44. Shaikh Nur Qutb-i ‘Alam, Maktūbāt-i Shaikh Nūr Quṭb-i ‘ālam (Persian MS., Subhan Allah no. 297671/18, Maulana Azad Library, Aligarh Muslim University, Aligarh), letter 9, p. 68. See also Abdul Karim, “Nur Qutb ‘Alam’s Letter on the Ascendancy of Ganesa,” in Muhammad Enamul Haq, Abdul Karim Sahitya-Visarad Commemoration Volume (Dacca: Asiatic Society of Bangladesh, 1972), 338. [BACK]
45. The best treatment of the revolution is found in the study of Ahmad Hasan Dani, “The House of Raja Ganesa of Bengal,” Journal of the Asiatic Society of Bengal: Letters 18, no. 2 (1952): 121–70. [BACK]
46. Muhammad Qasim Firishta, Tārīkh-i Firishta (Lucknow: Nawal Kishore, 1864–65), 2: 297. [BACK]
47. Khwajah Nizamuddin Ahmad, The ṭabaqāt-i-Akbarī, trans. Brajendranath De, ed. Baini Prasad (Calcutta: Asiatic Society of Bengal, 1931–39), 3, pt. 1: 430–31; text, ed., B. De and M. Hidayat Hosein (Calcutta: Asiatic Society of Bengal, 1931–35), 3: 265. [BACK]
48. See Ibn Hajar al-‘Asqalani, Inbā’, 2: 496; 3: 532. See also Muhammad Sakhawi, Al-Zau’, 8: 280. [BACK]
49. See Karim, Corpus, 70–73. [BACK]
50. Ghulam Hussain Salim, Riyāzu-s-Salātīn: A History of Bengal, trans. Abdus Salam (Delhi: Idarah-i Adabiyat-i Delli, 1903), 115. [BACK]
51. This outcome is suggested by Firishta’s statement that after Raja Ganesh’s son had declared his intention to become Muslim, but before he assumed the throne, the kingdom’s nobles unanimously declared, “We follow the king in worldly affairs, but have nothing to do with religion” (“Jamī‘ ahl-i ḥall va ‘aqd muttafiq shuda, goftand: mā tābi‘-i pādshāh-īm dar umūr-i dunyawī, ba mażhab va dīn kārī nīst ”). Firishta, Tārīkh-i Firishta, 2: 297. [BACK]
52. Shaikh Nur Qutb-i ‘Alam, Maktūbāt, letter 9, p. 69. See also Abdul Karim, “Nur Qutb ‘Alam’s Letter,” 342–43. Karim’s translation. [BACK]
53. Portions of this letter were reproduced in the correspondence of the contemporary shaikh, Ashraf Jahangir Simnani. See Ashraf Jahangir Simnani, Maktūbāt-i ashrafī (Persian MS. no. 27, Aligarh Muslim University History Department, Aligarh), letter 45, fol. 139a. See also S. H. Askari, “New Light on Rajah Ganesh and Sultan Ibrahim Sharqi of Jaunpur from Contemporary Correspondence of Two Muslim Saints,” Bengal Past and Present 57 (1948): 34. Askari’s translation. [BACK]
54. P. C. Bagchi, “Political Relations between Bengal and China in the Pathan Period,” Visva-Bharati Annals 1 (1945): 103–4. [BACK]
55. Around 1442 a diplomat in the service of Shah Rukh, the Timurid ruler of Herat (1405–47), wrote that his master had intervened in the Bengal-Jaunpur crisis at the request of the sultan of Bengal, “directing the ruler of Jaunpur to abstain from attacking the King of Bengal, or to take the consequences upon himself. To which intimation the ruler of Jaunpur was obedient, and desisted from his attacks upon Bengal.” ‘Abd al-Razzaq, Matla‘ al-sa‘dain, in The History of India as Told by Its Own Historians, trans. and ed. H. M. Elliot and John Dowson (Allahabad: Kitab Mahal, 1964), 4: 99. On the other hand, a contemporary Arakanese tradition recorded that the forces of Raja Ganesh, then firmly in control of Pandua, had defeated Sultan Ibrahim of Jaunpur in battle. According to this tradition, one of the kings of Arakan, who had been given refuge in Pandua after having been defeated by a Burman monarch in 1406, gave Raja Ganesh the military advice that enabled the Bengalis to defeat Sultan Ibrahim of Jaunpur. A. P. Phayre, Journal of the Asiatic Society of Bengal 13 (1844): 44–46, cited in Dani, “House,” 135–37. See also A. P. Phayre, History of Burma (London: Trubner, 1884), 78. [BACK]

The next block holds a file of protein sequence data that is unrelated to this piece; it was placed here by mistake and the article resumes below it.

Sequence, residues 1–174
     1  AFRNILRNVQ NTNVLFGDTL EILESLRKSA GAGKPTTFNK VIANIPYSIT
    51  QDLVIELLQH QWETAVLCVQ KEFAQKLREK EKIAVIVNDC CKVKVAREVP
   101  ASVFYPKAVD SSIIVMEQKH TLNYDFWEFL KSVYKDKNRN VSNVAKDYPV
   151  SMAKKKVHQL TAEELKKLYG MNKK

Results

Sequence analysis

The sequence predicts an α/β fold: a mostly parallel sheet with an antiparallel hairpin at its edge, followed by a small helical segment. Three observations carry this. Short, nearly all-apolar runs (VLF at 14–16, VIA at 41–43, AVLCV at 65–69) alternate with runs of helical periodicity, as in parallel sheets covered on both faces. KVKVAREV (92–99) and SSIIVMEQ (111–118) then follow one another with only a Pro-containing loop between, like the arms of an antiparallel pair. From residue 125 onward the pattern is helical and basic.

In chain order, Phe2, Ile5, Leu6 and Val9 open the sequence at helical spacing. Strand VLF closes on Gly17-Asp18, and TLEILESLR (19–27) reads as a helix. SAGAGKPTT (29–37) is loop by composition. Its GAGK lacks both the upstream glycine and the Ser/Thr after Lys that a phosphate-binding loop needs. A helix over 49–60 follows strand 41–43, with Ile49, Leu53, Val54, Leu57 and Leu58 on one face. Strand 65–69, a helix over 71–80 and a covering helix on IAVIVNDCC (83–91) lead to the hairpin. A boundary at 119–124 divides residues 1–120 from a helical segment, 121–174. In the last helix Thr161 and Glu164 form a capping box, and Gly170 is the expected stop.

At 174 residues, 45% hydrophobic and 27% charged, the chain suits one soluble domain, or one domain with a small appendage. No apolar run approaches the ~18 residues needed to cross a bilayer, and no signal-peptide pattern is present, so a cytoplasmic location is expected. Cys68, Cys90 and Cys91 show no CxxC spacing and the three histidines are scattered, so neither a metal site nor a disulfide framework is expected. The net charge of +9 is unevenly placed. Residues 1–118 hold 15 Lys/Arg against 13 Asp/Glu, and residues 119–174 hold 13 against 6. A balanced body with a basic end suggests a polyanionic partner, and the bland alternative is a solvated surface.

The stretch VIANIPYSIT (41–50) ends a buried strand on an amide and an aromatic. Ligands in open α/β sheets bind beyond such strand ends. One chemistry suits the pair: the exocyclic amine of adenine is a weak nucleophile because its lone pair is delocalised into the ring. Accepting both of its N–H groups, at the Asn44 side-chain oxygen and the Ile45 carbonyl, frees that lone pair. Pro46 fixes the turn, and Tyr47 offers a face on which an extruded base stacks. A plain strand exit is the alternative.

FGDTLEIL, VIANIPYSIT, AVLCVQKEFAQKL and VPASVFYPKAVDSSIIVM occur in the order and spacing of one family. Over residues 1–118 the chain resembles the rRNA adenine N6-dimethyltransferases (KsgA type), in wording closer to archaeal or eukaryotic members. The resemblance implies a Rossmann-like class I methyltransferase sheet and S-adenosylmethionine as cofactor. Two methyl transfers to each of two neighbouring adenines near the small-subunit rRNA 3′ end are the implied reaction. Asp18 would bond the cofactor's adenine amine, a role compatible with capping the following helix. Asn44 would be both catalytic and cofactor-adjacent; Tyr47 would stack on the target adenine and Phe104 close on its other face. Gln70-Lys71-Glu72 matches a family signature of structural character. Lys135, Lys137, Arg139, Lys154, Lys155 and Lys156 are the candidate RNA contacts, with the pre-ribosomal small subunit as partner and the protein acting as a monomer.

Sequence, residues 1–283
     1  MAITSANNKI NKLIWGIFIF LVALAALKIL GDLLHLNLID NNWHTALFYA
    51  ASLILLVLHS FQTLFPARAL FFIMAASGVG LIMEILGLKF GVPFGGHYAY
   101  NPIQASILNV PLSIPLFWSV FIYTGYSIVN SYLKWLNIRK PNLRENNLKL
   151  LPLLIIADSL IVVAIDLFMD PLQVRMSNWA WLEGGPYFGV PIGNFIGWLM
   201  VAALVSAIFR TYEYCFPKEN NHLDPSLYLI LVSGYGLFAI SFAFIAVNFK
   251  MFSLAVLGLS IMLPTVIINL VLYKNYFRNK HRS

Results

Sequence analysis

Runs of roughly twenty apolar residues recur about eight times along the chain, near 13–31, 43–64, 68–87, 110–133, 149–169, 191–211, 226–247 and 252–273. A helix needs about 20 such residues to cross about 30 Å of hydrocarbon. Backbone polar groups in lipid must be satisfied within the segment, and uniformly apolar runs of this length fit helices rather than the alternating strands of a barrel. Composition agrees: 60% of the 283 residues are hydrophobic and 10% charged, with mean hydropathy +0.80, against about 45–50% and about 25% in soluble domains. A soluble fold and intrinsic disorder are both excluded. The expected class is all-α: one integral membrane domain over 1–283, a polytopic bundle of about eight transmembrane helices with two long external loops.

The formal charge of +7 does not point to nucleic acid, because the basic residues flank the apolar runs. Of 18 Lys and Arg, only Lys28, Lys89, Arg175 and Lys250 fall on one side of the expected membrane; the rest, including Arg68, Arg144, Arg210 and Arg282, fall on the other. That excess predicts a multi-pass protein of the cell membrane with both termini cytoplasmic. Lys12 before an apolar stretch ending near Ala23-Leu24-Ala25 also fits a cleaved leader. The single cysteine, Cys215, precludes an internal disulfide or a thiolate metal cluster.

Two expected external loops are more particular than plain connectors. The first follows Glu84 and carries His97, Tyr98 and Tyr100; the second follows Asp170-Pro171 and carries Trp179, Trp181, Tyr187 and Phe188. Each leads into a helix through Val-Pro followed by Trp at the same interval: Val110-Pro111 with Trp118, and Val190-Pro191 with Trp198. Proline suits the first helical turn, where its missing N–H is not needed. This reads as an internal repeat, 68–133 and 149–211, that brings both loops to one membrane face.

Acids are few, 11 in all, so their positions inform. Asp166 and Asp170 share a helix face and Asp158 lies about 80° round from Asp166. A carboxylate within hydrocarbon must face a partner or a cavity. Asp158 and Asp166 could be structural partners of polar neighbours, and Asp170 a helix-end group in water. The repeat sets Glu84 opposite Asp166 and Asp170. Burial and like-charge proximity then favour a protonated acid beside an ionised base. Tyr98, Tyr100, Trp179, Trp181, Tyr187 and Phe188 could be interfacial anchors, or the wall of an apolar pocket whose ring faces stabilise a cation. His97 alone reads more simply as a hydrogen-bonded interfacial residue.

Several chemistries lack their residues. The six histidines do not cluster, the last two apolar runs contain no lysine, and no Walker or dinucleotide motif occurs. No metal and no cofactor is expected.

56. The coins were dated Saka Era 1339 and 1340, corresponding to April 1416 to April 1418. The most thorough examination of the identity and chronology of these two kings is found in Dani, “House,” 145–53. Dani links the two kings to the Deva dynasty of kings of Chandradwip in the Barisal area of the southeastern delta on the basis of the testimony of later oral and literary sources that identify Mahendra Deva as the son of Danuja Marddana Deva. As to the identification of “Pāndunagara,” since the Deva kings never controlled North Bengal, it is most likely that they attempted to recover from the sultanate only those lands previously under their control, in which case the “Pāndunagara” on their coins would refer not to Hazrat Pandua, the capital, located in northern Bengal, but to the provincial town Chhota Pandua, located in the southwestern delta near the site of modern Calcutta. [BACK]
57. Dani, “House,” 152–53. [BACK]
58. Ibid., 145. [BACK]
59. Karim, Corpus, table 2, facing 163. [BACK]
60. Ibid., 191–93. [BACK]
61. See France Bhattacharya, “La Déesse et le royaume selon le KālaketuUpākhyāna du Caṇḍī Maṅgala,” in Puruṣārtha, vol. 5, Autour de la déesse hindoue, ed. Madeleine Biardeau (Paris: Ecole des Hautes études en sciences sociales, 1981), 17–53. [BACK]
62. Karim, Corpus, 191–93 and plates 1–6. [BACK]
63. Firishta explicitly mentions Ganesh’s conciliatory policies toward the Indo-Turkish classes in Pandua. “Although Raja Ganesh was not a Muslim,” he wrote, “he mixed freely with them and had so much love for them that some Muslims, witnessing to his faith in Islam, wanted to bury him in the Islamic manner.” Fi-rishta, Tārīkh-i Firishta, 2: 297. [BACK]